take the bit between the teeth, to

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take the bit between the teeth

To begin to do something with decisive, stubborn resolve; to act in an bullheaded and unruly manner. A reference to a horse that is no longer under the rider's control because the bit (part of the apparatus used to guide it) is out of place in its mouth. The CEO started ignoring the board's demands and took the bit between the teeth, running the company the way she saw fit. In spite of my counsel, my clients took the bit in their teeth and went public with their accusations.
See also: between, bit, take, teeth
Farlex Dictionary of Idioms. © 2015 Farlex, Inc, all rights reserved.

take the bit between the teeth, to

To be stubbornly self-willed; to push aside restraints and go one’s own way. The analogy here, to a horse that catches the bit in its teeth so that the rider or driver has no control over it, dates from the sixteenth century. John Lyly used it in his Pappe with an Hatchet (ca. 1589): “But if like a resty iade [restive jade, or nag] thou wilt take the bit in thy mouth, and then run over hedge and ditch, thou shalt be broken as Prosper broke his horses.” The expression is used less often today and may be obsolescent.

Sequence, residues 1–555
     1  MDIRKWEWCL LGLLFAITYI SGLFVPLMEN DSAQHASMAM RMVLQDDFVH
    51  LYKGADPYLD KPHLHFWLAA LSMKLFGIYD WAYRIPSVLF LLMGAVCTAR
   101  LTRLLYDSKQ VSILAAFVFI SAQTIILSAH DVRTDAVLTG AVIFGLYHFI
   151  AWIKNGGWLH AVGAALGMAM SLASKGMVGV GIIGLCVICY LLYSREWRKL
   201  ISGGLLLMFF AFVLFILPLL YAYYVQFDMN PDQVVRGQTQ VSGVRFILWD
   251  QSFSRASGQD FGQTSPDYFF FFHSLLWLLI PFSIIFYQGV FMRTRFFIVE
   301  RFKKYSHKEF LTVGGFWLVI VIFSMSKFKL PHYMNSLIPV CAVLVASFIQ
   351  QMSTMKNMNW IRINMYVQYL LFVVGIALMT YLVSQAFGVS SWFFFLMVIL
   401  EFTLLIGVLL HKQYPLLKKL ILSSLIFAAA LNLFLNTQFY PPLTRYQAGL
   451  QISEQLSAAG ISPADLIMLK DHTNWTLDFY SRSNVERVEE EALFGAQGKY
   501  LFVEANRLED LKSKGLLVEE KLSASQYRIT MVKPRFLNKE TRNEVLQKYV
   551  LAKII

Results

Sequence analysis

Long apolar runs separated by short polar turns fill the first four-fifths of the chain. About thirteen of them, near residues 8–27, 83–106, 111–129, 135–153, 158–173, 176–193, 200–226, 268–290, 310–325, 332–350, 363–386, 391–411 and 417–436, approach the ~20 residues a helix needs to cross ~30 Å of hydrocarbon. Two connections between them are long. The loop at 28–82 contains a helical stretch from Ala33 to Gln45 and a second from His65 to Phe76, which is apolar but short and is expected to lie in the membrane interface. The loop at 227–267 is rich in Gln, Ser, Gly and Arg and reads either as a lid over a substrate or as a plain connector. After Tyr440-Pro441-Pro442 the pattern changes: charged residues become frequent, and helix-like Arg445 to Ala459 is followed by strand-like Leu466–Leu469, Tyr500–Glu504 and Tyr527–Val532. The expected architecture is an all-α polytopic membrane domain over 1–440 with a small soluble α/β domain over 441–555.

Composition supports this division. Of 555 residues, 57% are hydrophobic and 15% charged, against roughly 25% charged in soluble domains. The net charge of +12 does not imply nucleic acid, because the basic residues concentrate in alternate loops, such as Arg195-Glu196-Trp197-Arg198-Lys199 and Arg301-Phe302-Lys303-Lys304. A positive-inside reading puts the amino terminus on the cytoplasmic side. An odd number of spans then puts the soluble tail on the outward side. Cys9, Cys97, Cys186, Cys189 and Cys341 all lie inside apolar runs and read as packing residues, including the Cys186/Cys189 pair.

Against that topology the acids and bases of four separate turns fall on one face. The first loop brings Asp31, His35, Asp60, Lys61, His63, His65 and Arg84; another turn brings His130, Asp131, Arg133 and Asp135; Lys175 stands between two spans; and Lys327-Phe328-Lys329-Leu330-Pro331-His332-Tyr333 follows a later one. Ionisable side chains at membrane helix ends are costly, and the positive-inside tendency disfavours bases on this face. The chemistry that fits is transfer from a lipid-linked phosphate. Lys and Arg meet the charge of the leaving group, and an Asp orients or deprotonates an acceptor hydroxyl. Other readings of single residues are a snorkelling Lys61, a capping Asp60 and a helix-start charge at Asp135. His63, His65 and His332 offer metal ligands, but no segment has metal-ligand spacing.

See also: between, bit, take
The Dictionary of Clichés by Christine Ammer Copyright © 2013 by Christine Ammer
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